During the protests against police brutality and anti-Black racism sweeping the nation, transit agencies in numerous cities decided to curtail and suspend transit service. In most cases, transit riders were given little, if any, advance notice, and many were left stranded. At the same time, police departments commandeered buses to transport officers as well as protesters who had been arrested.
These decisions were made with little regard for the material consequences they imposed on transit-dependent riders, and are emblematic of the vast disconnect between transit agency leadership and the riders they serve.
In Cincinnati, SORTA suspended all transit service at 9 pm on the evenings of May 31 and June 1 in response to protests downtown. Rather than rerouting buses around streets disrupted by protest, Mayor John Cranley “took a reactionary approach and leapt immediately into shutdown mode,” according to local transit advocate Cam Hardy. Riders left stranded then watched in dismay as buses were commandeered to transport people who had been arrested for protesting.
I’m livid. People were stranded
last night. Buses stopped running at 9pm. I was willing to accept that for the sake of operators safety. But then @KregKeesee comes up with an idea to hand our bus system off to the cops and force supervisors to drive the buses! INSANE.
— Cam 🚍🚍 (@camhardy513) June 1, 2020
In Miami, Mayor Carlos Gimenez ordered the suspension of transit service from Saturday evening until early Monday morning. This left Miami transit riders, the majority of whom are Black or Latino, without transportation options.
Local advocates were incensed. “A complete system shutdown deepens the racial and economic inequities that have contributed to the unjust reality that Black and brown communities face today, by further isolating them from their fellow citizens and making their lives during this incredibly challenging time even harder,” wrote Transit Alliance Miami in an open letter to the agency’s leadership.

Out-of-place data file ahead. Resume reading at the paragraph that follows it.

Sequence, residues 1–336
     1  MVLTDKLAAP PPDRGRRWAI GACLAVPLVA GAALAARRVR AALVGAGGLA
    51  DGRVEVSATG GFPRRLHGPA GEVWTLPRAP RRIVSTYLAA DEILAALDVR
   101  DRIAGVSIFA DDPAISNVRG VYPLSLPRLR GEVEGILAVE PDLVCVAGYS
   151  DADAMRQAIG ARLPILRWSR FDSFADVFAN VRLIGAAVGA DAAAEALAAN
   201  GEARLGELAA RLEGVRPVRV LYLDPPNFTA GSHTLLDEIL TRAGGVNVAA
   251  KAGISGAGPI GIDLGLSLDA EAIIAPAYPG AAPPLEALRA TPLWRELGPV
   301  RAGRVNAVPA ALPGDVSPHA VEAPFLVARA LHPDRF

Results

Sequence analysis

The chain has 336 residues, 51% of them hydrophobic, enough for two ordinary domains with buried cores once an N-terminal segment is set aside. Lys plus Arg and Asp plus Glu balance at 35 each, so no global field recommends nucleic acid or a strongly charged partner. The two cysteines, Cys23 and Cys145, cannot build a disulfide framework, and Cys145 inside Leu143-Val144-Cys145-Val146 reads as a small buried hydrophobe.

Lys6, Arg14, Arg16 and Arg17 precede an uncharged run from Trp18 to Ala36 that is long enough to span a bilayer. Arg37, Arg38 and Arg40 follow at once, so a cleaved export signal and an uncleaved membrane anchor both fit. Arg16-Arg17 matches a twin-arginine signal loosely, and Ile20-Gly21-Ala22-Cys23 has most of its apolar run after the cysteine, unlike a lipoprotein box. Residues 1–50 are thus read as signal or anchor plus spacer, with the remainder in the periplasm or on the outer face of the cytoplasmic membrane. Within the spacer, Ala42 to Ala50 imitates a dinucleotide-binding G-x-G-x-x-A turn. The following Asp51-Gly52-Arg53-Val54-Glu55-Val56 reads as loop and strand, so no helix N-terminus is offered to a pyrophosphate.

In Los Angeles, Metro suspended service in downtown Los Angeles in the afternoon of May 30, a Saturday. The agency then expanded the shutdown to the entire system shortly after the city’s 8 pm curfew. Riders received less than an hour notice that the shutdown was coming. In LA, 52% of riders make $20,000 a year or less, and 23% make less than $5,000. Taking a taxi is simply not an option for these riders. In an apology letter, LA Metro explained that it made the decision to “protect transit riders and operators.” But advocates quickly pointed out that by subsequently allowing buses and union bus drivers to be used to transport police, LA Metro made a mockery of the idea that the decision to suspend service was to protect operators.
These are some of the most egregious examples of abrupt service cancellation, but transit riders in San Francisco, Boston, Washington DC, and Chicago also had to contend with station closures and service changes marked by minimal communication.
These sudden shutdowns are most harmful to low-income people and people of color. Nationally, 36% of transit riders are essential workers, who political leaders have recently lauded as heroes. Essential workers are more likely to commute outside the typical rush hour, with 41 percent working shifts outside the 9 to 5 workday. In American cities, people of color account for a disproportionate share of the 2.8 million essential workers who usually commute on transit. Cutting off the service they rely on is no way to honor the contributions they make towards keeping our cities running.
Protesters exercising their first amendment rights were also harmed by these decisions. Cutting off transit service amidst the protests made it more likely that they wouldn’t make it home before city-mandated curfews, putting them at risk for arrest and wanton brutality from the police.